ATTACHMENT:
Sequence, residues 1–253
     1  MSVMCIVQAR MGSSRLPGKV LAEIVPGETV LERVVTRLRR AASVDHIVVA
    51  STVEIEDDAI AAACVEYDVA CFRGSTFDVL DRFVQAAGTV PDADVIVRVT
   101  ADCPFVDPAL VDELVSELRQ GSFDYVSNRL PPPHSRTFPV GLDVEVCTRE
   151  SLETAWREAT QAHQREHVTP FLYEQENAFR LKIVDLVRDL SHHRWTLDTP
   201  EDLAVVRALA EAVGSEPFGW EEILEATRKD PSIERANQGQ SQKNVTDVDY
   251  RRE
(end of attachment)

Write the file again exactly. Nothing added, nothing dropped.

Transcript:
Sequence, residues 1–253
     1  MSVMCIVQAR MGSSRLPGKV LAEIVPGETV LERVVTRLRR AASVDHIVVA
    51  STVEIEDDAI AAACVEYDVA CFRGSTFDVL DRFVQAAGTV PDADVIVRVT
   101  ADCPFVDPAL VDELVSELRQ GSFDYVSNRL PPPHSRTFPV GLDVEVCTRE
   151  SLETAWREAT QAHQREHVTP FLYEQENAFR LKIVDLVRDL SHHRWTLDTP
   201  EDLAVVRALA EAVGSEPFGW EEILEATRKD PSIERANQGQ SQKNVTDVDY
   251  RRE